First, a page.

Rihanna Rocks Cornrows on Cover of Vogue Australia's May Issue
Rihanna is exuding power, glamour, and sexiness in the new cover shoot for Vogue’s magazine May issue. In the accompanying feature, Julia Gillard, former Prime minister of Australia, speaks about her unlikely friendship with the global superstar.
Rihanna never stops. Even when she’s not releasing music—to her fans’ dismay—the 31-year-old Barbados singer keeps slaying the game as one of the most successful entrepreneurs in the entertainment industry.
She is promoting self-love in the purest form, by aiming to make women feel free in their skin.
THE COVER SHOOT
In her Vogue Australia shoot, which took place in London, Rihanna wore a variety of statement looks from Louis Vuitton’s men collection, Alexander McQueen, Marc Jacobs, and Olivier Theyskens.
Still, she made sure to add her touch to the shoot by rocking several pieces from Savage X Fenty.
“Rihanna was incredibly enthusiastic about running buckets of water here and there, and mixing bricks and making bricks. She just really wanted to get right in there and get her hands dirty, and she did."
The cover features the singer sitting on a chair while slightly inclining to the side with her legs crossed. She flaunted straight-back cornrows in her natural hair and wore a pink Savage x Fenty slip with a baby blue, embellished trench coat and pointy turquoise shoes.
Styled by the magazine’s fashion director, Christine Centenera, Rihanna showed a variety of looks with a versatility proper of a global superstar.
THE UNLIKELY FRIENDSHIP
However, instead of an interview with the singer, the spread features a mini-essay written by Julia Gillard, the first ever female Prime Minister of Australia, who has the privilege of calling Rihanna her friend, despite how unlikely that may sound.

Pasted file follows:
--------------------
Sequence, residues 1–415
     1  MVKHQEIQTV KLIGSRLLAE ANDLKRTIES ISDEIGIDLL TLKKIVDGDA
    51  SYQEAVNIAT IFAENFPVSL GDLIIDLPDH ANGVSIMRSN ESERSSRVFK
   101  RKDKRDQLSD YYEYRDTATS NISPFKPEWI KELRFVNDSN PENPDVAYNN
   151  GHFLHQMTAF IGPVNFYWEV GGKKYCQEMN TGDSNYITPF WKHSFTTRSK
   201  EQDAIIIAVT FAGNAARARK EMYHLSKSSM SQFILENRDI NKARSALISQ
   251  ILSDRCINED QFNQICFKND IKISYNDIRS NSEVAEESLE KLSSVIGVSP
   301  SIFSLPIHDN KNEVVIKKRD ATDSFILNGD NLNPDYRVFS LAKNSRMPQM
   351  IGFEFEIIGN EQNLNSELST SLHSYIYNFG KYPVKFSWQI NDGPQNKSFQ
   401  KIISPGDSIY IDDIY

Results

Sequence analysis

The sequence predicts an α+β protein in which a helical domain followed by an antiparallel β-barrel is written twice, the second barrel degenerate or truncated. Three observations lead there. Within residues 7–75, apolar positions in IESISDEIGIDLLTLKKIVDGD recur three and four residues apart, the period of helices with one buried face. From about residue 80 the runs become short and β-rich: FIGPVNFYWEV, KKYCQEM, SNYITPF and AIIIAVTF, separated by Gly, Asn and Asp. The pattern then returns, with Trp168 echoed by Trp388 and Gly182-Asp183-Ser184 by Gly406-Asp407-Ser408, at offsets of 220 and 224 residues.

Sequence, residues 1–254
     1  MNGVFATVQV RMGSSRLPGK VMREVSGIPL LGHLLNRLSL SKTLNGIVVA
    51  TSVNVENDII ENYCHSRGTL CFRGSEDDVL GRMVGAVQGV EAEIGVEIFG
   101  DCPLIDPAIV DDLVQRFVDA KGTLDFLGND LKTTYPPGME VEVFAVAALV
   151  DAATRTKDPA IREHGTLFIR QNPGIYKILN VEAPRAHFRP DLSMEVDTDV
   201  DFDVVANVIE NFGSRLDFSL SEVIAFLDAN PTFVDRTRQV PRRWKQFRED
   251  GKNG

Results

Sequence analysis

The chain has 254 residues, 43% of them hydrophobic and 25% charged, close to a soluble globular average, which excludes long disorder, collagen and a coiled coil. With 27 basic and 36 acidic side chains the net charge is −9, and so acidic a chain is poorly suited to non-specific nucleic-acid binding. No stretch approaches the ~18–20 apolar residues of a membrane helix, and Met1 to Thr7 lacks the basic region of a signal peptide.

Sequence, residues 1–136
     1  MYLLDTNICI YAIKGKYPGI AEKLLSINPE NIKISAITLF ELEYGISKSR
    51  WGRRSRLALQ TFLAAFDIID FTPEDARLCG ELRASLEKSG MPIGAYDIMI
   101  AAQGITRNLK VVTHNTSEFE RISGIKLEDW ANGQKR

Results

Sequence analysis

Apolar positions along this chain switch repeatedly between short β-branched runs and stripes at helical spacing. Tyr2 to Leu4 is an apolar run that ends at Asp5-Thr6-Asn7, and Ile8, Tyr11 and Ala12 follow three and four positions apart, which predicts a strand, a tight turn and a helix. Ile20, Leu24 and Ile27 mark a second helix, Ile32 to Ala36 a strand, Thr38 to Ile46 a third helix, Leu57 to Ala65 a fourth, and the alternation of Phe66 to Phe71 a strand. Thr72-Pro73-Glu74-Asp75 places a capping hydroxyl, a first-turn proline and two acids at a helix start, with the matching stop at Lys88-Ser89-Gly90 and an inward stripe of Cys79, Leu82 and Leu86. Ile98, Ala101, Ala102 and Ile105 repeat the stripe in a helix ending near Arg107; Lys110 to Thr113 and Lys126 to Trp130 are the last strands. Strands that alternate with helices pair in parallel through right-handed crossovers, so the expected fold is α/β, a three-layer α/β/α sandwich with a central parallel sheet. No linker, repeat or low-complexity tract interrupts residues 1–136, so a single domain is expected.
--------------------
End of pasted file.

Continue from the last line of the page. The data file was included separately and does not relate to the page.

Gillard, an honorary chairwoman for the Global Partnership for Education, helped recruit Rihanna as a Global ambassador for the organization a few years ago.
They first met at a casual dinner in New York, where Gillard was left impressed by Rihanna’s humbleness and willingness to help and learn.
A year later, they were doing the groundwork in the African city of Malawi, where they visited several local schools to get a first-hand experience of how education works in some of the most impoverished areas of the continent.
“Rihanna was incredibly enthusiastic about running buckets of water here and there, and mixing bricks and making bricks. She just really wanted to get right in there and get her hands dirty, and she did,” Gillard recalled.
THE POWER OF EDUCATION
For Rihanna, Gillard says, promoting education is crucial because she never got to finish school after being discovered and pushed into the spotlight so young.
“I believe Rihanna sees education as a real enabler,” says Gillard. “She left school young because she was discovered young, so she’s conscious that she didn’t finish her own schooling.”
“She talked to me about her brothers and how determined she’d been that they finished school, so I think she’s got this very personal sense that individual education really matters, and that’s why it’s so heartbreaking for her to see some children miss out, simply because of poverty and because of where they were born.”
Although both women have incredibly different upbringings and experiences of the world, Gillard admits she has become a fan of Rihanna after getting to know her. Not only for her music but also the efforts she’s making to help uplift the education of every child around the world.